Sugar vs fat, or years, there has been heavy debate as to whether sugar or fat is the culprit in the obesity epidemic. In the 1970s, this debate reached its peak and fat was pinned as the cause of our general decline in metabolic health. However more recently, sugar has come back into the limelight, with links to obesity, type II diabetes incidence and fatty liver disease.
With a general failure in halting the obesity and diabetes epidemics under the current guidelines and the lack of evidence that low-fat diets improve obesity, cardiovascular risk and other general health problems, it is now more important than ever to take a good look at the research done on sugar and fat to understand how these wee molecules affect our health.
For years, fats have been the bad guy, with many products boasting fat free or low fat alternatives. But how did this all get started? What scientific evidence is there to really substantiate the anti-fat argument? In short it comes down to this – the type of fat matters. Let me elaborate a little.
The links between fat intake and metabolic disease are more to do with the “bad fats”, such as trans fats found in processed food, biscuits, salad dressings…and the list goes on. In particular, trans fats have been strongly linked to coronary heart disease. The jury isn’t quite out on saturated fats. Some studies suggest, that saturated fats significantly worsen insulin resistance and increase blood pressure, while others indicate that some forms of saturated fat (in particular those derived from plants) are not as detrimental to our health.
“Good fats” (monunsaturated and polyunsaturated) are found in foods such as seafood, avocado, nuts and olive oil. These have been shown to reduce low density lipoprotein (LDL), sustain high density lipoprotein (HDL) and improve insulin sensitivity. Some research does suggest that there isn’t a link between these ‘good fats’ and cholesterol levels, however most of these studies only sampled a small number of people for a short period of time.
How about low fat diets? Overwhelmingly, the majority of research suggests that there is no benefit of a low fat diet vs. a high fat diet for weight loss1-18. Furthermore, there is little evidence to suggest adverse affects of a general high fat diet10,43-45. Interesting stuff!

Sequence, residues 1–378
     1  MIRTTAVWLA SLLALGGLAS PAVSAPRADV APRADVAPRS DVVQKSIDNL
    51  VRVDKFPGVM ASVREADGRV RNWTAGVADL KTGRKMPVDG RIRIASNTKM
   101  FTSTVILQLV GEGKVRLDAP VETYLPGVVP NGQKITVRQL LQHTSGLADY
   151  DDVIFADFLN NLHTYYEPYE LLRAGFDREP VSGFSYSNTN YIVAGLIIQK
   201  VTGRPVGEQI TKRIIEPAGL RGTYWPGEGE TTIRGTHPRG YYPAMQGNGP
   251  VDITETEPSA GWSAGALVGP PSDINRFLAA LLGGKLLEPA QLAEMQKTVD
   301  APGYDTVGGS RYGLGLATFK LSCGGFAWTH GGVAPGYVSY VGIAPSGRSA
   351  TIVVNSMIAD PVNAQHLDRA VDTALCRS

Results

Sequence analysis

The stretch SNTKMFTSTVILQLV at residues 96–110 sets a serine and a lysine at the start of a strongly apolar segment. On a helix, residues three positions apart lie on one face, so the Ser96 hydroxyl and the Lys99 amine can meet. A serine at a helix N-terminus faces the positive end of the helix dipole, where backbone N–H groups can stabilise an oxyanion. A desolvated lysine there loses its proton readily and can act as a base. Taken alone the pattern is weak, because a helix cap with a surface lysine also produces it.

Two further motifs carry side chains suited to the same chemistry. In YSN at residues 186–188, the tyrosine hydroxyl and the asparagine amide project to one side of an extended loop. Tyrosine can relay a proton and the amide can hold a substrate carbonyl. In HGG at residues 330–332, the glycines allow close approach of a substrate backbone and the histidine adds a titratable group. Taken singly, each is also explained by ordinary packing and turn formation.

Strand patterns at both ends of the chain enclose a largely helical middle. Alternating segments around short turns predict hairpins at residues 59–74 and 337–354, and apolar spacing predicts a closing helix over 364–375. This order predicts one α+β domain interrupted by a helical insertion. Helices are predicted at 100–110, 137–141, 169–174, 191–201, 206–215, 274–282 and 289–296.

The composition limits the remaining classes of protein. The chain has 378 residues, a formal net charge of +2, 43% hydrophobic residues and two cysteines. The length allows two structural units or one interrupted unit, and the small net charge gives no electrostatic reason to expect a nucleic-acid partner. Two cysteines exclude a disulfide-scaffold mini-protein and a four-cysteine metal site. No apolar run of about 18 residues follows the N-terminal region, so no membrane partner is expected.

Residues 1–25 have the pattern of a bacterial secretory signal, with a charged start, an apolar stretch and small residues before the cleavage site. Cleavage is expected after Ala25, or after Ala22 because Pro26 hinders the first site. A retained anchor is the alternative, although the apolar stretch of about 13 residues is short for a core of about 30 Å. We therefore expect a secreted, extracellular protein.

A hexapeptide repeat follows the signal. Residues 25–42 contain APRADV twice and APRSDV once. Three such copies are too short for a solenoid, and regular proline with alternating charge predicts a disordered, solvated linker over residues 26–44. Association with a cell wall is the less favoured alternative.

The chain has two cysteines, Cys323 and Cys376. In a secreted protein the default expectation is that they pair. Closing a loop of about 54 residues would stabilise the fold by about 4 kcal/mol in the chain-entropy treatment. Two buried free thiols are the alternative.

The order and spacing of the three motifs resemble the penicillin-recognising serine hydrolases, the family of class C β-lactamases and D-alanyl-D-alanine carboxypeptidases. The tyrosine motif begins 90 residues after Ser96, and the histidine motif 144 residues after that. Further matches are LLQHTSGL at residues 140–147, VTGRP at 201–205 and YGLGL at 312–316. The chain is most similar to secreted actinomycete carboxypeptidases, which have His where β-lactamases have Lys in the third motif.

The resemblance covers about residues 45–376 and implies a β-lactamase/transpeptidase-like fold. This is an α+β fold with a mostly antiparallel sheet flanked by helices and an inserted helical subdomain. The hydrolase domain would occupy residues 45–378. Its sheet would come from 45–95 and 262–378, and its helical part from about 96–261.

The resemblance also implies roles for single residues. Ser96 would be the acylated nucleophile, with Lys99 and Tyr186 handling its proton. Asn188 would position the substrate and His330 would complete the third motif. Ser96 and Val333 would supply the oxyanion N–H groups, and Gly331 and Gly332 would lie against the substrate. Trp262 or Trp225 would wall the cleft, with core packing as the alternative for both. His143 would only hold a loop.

There is a lot of evidence to suggest that consuming too much sugar can have a negative effect on our metabolic health. Regular sugar consumption produces a constant release of the hormone insulin. If this continues, it can lead to serious problems, such as the synthesis of tryglycerides, insulin resistance, fatty liver disease, type II diabetes, an increase in very low density lipoprotein (the bad kind of cholesterol) and the accumulation of fat on all tissues. Studies have also shown that our brains respond differently to fructose containing sugars than to glucose containing sugars.
Some research however does cast sugar in a sweeter light. Several studies conclude that there is no clear evidence that added sugar is worse than any other source of calories for the development of diabetes or obesity. However, many of these studies were either industry funded or had a strong financial interest to maintain high levels of sugar consumption, so should be taken with a grain of salt!
Low Sugar Diets
Much of the research suggests that this way of eating is beneficial for reducing blood glucose levels, weight loss and serum triglyverides, often more so than low fat or low calorie diets.
The most of the current evidence suggests that unsaturated fats are good for our general health. Trans fats should be avoided! The jury isn’t quite out on saturated fats.
High-sugar consumption can also have a negative impact on our health by increasing the risk of type II diabetes, fatty liver disease and obesity. However there is a lot more work required to tease out the differences between various fat and sugar content diets.
Understanding more about the types of foods we’re eating, the better quipped to make healthy food choices!